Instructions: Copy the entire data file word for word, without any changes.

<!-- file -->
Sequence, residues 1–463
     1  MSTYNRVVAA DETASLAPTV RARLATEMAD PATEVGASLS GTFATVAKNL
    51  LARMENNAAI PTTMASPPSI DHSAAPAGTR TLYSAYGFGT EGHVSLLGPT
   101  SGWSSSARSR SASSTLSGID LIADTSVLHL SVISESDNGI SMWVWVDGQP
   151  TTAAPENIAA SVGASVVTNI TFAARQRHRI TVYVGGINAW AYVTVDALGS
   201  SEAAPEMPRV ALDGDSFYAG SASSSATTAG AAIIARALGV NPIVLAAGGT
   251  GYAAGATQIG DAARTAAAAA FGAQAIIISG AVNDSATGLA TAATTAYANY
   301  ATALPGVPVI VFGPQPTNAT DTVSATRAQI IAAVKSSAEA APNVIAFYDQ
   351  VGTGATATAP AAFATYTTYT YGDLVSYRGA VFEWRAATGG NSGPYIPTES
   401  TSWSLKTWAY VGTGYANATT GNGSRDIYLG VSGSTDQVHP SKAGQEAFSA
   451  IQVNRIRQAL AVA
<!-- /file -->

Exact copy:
Sequence, residues 1–463
     1  MSTYNRVVAA DETASLAPTV RARLATEMAD PATEVGASLS GTFATVAKNL
    51  LARMENNAAI PTTMASPPSI DHSAAPAGTR TLYSAYGFGT EGHVSLLGPT
   101  SGWSSSARSR SASSTLSGID LIADTSVLHL SVISESDNGI SMWVWVDGQP
   151  TTAAPENIAA SVGASVVTNI TFAARQRHRI TVYVGGINAW AYVTVDALGS
   201  SEAAPEMPRV ALDGDSFYAG SASSSATTAG AAIIARALGV NPIVLAAGGT
   251  GYAAGATQIG DAARTAAAAA FGAQAIIISG AVNDSATGLA TAATTAYANY
   301  ATALPGVPVI VFGPQPTNAT DTVSATRAQI IAAVKSSAEA APNVIAFYDQ
   351  VGTGATATAP AAFATYTTYT YGDLVSYRGA VFEWRAATGG NSGPYIPTES
   401  TSWSLKTWAY VGTGYANATT GNGSRDIYLG VSGSTDQVHP SKAGQEAFSA
   451  IQVNRIRQAL AVA